After going on a dismal 1-11-4 slide, the Edmonton Oilers have fired head coach Dallas Eakins. The team confirmed Eakins’ dismissal on Monday afternoon following Sunday’s 2-0 defeat to the visiting New York Rangers at Rexall Place.
The #Oilers have relieved Dallas Eakins of his head coaching duties. GM Craig MacTavish will address the media at 11:45am MT.
— Edmonton Oilers (@EdmontonOilers) December 15, 2014
Edmonton has begun the season with a league-worst 7-19-5 record. Their -39 goal differential ranks dead last. No team has conceded more goals than Edmonton’s 104 goals against. In short, the Oilers are a disaster franchise that has become the butt of internet jokes and the target of viral memes.
Log on to Twitter and search the hashtag: #HereComeTheOilers. You’ll soon see images of dumpster fires, a man’s failed attempt to dive into a lake and a runner tripping repeatedly over hurdles. This is what people associate the Oilers with these days. No longer do images of Wayne Gretzky, Mark Messier and Jari Kurri parading Lord Stanley around the streets of Edmonton immediately spring to mind.
— Paul Wheeler (@fourthlinewing) December 15, 2014
The news of Eakins’ firing comes less than two weeks after Oilers general manager Craig MacTavish appeared to back Eakins by praising his growth.
“He’s evolving,” MacTavish said of Eakins on a Dec. 5 news conference.
On Monday, MacTavish admitted his role in the Oilers’ downfall. He will take over head coaching duties on an interim basis.
“There’s blood all over my hands too,” MacTavish said during Monday’s press conference. “I’m not here to absolve myself of responsibility for the situation we’re in.”
MacTavish will eventually hand over the head coaching reins to Oklahoma City Barons head coach Todd Nelson. Since becoming the Barons’ first head coach in 2010, Nelson has made the playoffs in four out of four seasons and has twice reached the Conference Finals. Oklahoma City is currently first-place in the West Division of the AHL’s Western Conference.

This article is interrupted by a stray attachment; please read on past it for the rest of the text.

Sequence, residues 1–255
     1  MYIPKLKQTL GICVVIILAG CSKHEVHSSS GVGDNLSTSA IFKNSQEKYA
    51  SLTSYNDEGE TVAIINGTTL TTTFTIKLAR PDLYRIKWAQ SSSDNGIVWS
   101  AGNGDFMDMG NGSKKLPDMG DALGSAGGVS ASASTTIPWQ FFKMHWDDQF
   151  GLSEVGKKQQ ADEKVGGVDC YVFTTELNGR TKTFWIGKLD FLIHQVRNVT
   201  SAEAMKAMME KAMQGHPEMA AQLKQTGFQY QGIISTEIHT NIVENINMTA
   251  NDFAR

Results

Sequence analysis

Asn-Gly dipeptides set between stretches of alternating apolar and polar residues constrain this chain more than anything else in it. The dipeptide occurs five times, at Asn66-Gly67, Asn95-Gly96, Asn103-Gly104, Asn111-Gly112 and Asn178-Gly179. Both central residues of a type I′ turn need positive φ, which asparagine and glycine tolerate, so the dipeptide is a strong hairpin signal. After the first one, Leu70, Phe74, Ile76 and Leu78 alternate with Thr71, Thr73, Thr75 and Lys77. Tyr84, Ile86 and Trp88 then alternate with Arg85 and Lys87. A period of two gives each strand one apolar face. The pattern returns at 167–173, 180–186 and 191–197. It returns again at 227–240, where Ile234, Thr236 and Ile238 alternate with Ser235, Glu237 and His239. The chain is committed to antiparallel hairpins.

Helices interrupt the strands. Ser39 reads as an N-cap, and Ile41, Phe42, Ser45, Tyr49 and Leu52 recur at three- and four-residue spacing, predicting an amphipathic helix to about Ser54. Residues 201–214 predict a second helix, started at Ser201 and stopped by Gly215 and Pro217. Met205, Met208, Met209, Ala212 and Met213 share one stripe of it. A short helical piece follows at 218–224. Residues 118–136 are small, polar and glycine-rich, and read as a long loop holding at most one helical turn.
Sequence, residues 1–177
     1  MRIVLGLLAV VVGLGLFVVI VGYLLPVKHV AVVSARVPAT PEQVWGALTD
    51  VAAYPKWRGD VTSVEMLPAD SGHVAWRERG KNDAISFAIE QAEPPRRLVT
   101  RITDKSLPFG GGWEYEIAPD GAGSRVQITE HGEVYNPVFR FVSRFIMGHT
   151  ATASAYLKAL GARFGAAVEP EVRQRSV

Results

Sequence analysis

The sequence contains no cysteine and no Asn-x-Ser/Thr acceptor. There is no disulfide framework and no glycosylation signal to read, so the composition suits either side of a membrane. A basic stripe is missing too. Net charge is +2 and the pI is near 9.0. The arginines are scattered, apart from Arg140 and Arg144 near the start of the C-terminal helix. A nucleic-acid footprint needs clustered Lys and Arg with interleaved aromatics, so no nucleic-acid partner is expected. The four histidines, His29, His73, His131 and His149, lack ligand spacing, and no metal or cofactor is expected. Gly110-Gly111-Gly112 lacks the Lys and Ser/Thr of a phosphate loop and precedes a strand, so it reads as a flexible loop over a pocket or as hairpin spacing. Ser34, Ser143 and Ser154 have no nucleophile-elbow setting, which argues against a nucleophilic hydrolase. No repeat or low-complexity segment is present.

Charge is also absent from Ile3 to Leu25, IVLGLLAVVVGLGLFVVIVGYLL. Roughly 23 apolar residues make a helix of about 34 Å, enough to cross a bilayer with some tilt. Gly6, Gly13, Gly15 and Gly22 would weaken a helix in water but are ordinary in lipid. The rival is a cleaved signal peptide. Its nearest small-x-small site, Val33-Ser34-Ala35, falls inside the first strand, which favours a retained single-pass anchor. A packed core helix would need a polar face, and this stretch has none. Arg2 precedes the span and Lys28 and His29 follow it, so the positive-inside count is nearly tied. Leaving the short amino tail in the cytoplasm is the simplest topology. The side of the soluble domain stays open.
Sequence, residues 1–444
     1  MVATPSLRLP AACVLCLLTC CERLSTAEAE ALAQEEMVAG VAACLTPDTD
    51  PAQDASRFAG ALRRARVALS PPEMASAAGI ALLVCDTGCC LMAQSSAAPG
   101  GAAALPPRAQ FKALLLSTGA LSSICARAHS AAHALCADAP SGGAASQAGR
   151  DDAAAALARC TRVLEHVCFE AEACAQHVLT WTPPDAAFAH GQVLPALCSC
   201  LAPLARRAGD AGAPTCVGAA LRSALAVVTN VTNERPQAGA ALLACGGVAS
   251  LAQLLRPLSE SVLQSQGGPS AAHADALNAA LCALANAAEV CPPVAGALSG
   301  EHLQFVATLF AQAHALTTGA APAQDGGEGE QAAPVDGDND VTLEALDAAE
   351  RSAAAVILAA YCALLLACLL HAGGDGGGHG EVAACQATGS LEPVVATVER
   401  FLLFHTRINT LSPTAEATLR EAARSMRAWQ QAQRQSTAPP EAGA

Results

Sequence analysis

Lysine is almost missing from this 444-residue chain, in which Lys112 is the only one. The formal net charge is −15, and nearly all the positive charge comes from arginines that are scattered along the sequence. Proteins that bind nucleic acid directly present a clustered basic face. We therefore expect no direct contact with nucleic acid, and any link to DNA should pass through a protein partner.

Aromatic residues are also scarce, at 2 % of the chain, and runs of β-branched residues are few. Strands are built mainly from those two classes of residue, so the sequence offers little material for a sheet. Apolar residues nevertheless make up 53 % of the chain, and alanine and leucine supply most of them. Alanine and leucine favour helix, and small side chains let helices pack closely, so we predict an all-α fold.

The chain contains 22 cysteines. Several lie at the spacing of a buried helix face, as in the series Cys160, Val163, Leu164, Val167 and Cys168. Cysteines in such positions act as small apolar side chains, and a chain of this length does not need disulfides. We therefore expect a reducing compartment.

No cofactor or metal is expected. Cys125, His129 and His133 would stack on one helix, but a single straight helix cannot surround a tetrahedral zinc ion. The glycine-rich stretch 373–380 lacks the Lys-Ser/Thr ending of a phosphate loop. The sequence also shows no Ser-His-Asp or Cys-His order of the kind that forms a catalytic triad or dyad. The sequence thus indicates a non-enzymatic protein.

The Oilers haven’t made the playoffs since MacTavish presided behind the bench and took the Oilers to the seventh game of the 2006 Stanley Cup Final. Upon his arrival, Eakins was Edmonton’s fourth coach in five season.
When Eakins was hired by MacTavish in the summer of 2013, he was one of hockey’s brightest up-and-coming young coaches. He had enjoyed a tremendous run of success as head coach of the AHL’s Toronto Marlies, guiding Toronto to the 2012 Calder Cup Final. Eakins had established a reputation of being an analytically-minded coach with an ability to relate to young players.
Back in 2013, Eakins was a hot commodity. He interviewed at least once for the open Vancouver Canucks job that summer. Such was the demand for Eakins that he cancelled interviews with the Rangers and Dallas Stars, opting to take the Oilers gig.
“He had too much polish and pedigree not to land one of the NHL jobs available,” MacTavish said following the hiring of Eakins on June 10, 2013.
MacTavish maintained that his opinion of Eakins’ coaching ability hasn’t changed after Eakins went 36-63-14 in less than two seasons behind the Oilers’ bench.
“I really feel now the same way as when I hired him, that he’s an excellent coach,” MacTavish said on Monday.
Yet, Eakins was the one who paid the price. Meanwhile, MacTavish has failed to assemble any kind of center depth behind top-line pivot Ryan Nugent-Hopkins. There has been plenty of roster turnover but little results during MacTavish’s two years as Edmonton GM. The Oilers are without a legitimate, no. 1 franchise goalie. Neither of Ben Scrivens or Viktor Fasth could be described as anything greater than substandard.
This past summer, MacTavish overvalued free agents Benoit Pouliot and Mark Fayne. Pouliot was handed a five-year, $20 million contract. Fayne received a four-year, $14.5 million deal. Additionally, MacTavish acquired defenseman Nikita Nikitin from the Columbus Blue Jackets and immediately signed him to a two-year, $9 million deal. The high-priced trio has only produced a collective 18 points through 31 games and are a combined minus-12.
Eakins will get another NHL head coaching gig. He might have to spend a few years as an NHL assistant or minor-league head coach, but it’s clear that he is an NHL caliber head coach. Eakins was the latest victim in the Oilers’ pin the blame on the coach, merry-go-round environment.
One can only hope that the Oilers will give Nelson the proper time to implement his philosophies in an attempt to turn around one of the NHL’s most fallen and dysfunctional franchises.